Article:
Collection 

Corona discourse(s) remaking the world: experts, politics, media and everyday life

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This Collection deals with the constructions and apparatuses of the Covid 19 pandemic in various discursive (and epistemological) fields that directly influence and reconfigure societies around the world. We are interested in approaches to Covid-19 discourses, working across disciplinary boundaries and invite papers that reflect on discursive resources, practices and strategies that become constitutive of personal, public and/or institutional knowledge about Covid-19 pandemic and the very apparatuses of its political and social reconfiguration. 

We envisage papers based on, but by no means restricted to the following questions:

  • Media: How do different discourses in the media (from traditional to new and social media) construct meaning on and around Covid19?
  • Expertise: How is Covid19 “diagnosed”, “advised” and “problematised” by experts, specialists and scientists from different disciplines?
  • Politics: How political parties, leaders and other representatives use the Covid19 situation for positioning games?
  • Everyday life: How does Covid19 change everyday life in health care, academia, education, the family, the business world and other social worlds?  
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Editors

Michael Kranert is a Lecturer in Sociolinguistics at the University of Southampton. His research focuses on comparative discourse analysis in English and German speaking countries. In order to analyse the influence of contextual differences on linguistic and discursive features, he uses linguistic research methods from the field of discourse studies such as Corpus Assisted Discourse Analysis, Political Lexicography, Critical Metaphor Theory and Ethnography of communication. He has published on the discourses of New Labour and the German SPD at the turn of the twenty-first century, ‘populist’ discourses as on Discourse in the Workplace. He is currently embarking on a new discourse studies project that considers how language is used at the level of local politics and devolved government, how this differs from the national level, and what impact this has on the policy-making process in crucial areas like climate change.

Jan Krasni is a Researcher and a Lecturer focusing on multimodal discourse analysis, media studies, and infrastructure studies working at the Center for the Study on Antisemitism at the Technical University Berlin. He holds a PhD in German and Media Studies from the University of Konstanz, Germany. Before joining the Decoding Antisemitism project, where he leads the German team, he worked as an assistant professor at the University of Niš (Serbia), as a researcher at the Cultural Trends Lab with Lev Manovich at the University of Tyumen (Russia), and as an assistant professor in Media Studies at the Webster University. While his thesis analyses the construction of guilt in the digital multimodal discourses of German media, his later work deals with the representation of minorities and minority languages in the media, with the problem of ethics in digital media infrastructure for processing personal information, and with the problem of fake news. His work on digital infrastructure and processing of private data in the scope of art-science-activist projects of Share Lab brought him and his team widespread media coverage around the world. His current work deals with the antisemitic and hate speech topoi in user comments in mainstream media.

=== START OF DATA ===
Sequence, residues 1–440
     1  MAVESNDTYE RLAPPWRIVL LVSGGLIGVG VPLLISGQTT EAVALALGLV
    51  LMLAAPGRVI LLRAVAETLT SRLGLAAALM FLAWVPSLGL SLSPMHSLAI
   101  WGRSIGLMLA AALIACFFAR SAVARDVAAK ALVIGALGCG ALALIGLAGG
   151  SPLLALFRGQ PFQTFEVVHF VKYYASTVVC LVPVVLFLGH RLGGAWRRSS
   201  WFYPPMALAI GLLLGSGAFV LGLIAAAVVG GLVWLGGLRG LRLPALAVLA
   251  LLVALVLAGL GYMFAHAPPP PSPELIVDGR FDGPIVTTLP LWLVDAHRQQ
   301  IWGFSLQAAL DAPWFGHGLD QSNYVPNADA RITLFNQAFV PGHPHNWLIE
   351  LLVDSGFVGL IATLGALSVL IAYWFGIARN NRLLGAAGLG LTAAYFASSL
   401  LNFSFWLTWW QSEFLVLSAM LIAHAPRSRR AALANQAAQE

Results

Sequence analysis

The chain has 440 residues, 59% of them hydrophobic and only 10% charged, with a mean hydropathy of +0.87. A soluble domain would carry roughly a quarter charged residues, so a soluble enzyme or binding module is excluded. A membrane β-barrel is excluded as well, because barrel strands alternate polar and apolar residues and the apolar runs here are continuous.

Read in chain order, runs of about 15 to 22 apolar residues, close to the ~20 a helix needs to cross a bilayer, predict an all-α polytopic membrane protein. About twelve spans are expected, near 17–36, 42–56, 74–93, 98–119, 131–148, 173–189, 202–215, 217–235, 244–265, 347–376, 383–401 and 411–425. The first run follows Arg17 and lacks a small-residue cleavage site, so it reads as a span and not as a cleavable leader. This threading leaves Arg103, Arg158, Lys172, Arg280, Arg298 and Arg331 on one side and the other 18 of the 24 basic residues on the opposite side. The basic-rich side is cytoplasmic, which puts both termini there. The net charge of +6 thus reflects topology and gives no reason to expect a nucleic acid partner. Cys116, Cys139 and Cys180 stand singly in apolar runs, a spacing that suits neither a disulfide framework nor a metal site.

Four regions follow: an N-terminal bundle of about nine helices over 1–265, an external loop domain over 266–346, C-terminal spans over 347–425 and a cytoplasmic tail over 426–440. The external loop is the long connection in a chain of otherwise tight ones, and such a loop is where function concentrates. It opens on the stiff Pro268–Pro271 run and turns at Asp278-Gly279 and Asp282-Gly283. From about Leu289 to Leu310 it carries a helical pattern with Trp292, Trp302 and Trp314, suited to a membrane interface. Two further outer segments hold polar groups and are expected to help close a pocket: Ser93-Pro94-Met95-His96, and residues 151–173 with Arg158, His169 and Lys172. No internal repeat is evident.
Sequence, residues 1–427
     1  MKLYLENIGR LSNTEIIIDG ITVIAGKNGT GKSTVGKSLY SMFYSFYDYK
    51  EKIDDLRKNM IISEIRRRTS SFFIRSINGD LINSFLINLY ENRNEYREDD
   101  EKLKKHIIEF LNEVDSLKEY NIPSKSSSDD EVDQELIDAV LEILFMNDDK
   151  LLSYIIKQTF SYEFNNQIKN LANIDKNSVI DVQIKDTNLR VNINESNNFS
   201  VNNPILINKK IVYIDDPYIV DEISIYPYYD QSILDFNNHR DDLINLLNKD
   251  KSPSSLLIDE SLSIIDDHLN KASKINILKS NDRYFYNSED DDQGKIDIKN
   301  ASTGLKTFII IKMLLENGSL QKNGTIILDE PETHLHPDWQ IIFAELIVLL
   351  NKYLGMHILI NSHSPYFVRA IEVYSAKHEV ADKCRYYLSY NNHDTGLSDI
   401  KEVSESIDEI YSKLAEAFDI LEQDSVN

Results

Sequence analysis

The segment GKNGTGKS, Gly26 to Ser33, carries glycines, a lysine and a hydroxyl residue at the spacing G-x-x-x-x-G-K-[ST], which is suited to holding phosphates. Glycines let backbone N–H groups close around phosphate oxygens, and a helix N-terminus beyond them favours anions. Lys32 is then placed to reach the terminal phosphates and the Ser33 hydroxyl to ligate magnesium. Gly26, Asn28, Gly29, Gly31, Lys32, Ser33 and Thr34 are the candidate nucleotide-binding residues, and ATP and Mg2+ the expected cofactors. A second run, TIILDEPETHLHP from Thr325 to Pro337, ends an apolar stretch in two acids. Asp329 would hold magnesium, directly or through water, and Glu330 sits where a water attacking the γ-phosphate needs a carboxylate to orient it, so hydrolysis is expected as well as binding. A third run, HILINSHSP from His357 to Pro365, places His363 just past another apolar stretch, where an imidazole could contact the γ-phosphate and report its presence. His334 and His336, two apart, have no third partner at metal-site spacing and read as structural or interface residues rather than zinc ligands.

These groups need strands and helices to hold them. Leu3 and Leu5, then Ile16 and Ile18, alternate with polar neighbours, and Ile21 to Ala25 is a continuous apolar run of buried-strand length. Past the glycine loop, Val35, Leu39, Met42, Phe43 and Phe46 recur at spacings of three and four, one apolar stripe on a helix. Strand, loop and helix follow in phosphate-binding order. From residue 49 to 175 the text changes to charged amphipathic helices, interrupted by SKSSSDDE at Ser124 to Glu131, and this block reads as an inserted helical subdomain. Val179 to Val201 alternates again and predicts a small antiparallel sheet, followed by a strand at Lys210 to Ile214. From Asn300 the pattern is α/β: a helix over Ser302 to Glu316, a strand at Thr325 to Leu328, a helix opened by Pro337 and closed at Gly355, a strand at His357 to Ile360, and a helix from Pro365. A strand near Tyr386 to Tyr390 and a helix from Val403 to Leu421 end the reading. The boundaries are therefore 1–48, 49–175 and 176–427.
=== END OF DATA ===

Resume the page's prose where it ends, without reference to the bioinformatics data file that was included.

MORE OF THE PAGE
Jens Maesse is a Senior Researcher (PD Dr habil.) at the Department of Sociology, University of Giessen (Germany). His research focuses on discourse analysis, sociology of science and education, economic sociology and political economy. His publications include “Globalization strategies and the economics dispositive. Insights from Germany and the UK”, Historical Social Research 43(3), 120-146 (2018). (together with Gerardo Costabile Nicoletta): “Translating Austerity: The formation and transformation of the EU economic constitution as discourse”, Interdisciplinary Political Studies, 7(1): 61-94 (2021).

 

 

Elena Psyllakou is a Post-Doctoral Researcher in the field of Media and Communication. She is currently a member of the research team working on the “Media in the Limelight. A Dialogic Approach” project, conducted in collaboration with the Greek National Center of Social Research – EKKE. She also works as a Communications Officer at The Green Tank, an environmental think tank based in Athens. Previously, she has worked as advisor to Member of the Hellenic Parliament, journalist and translator.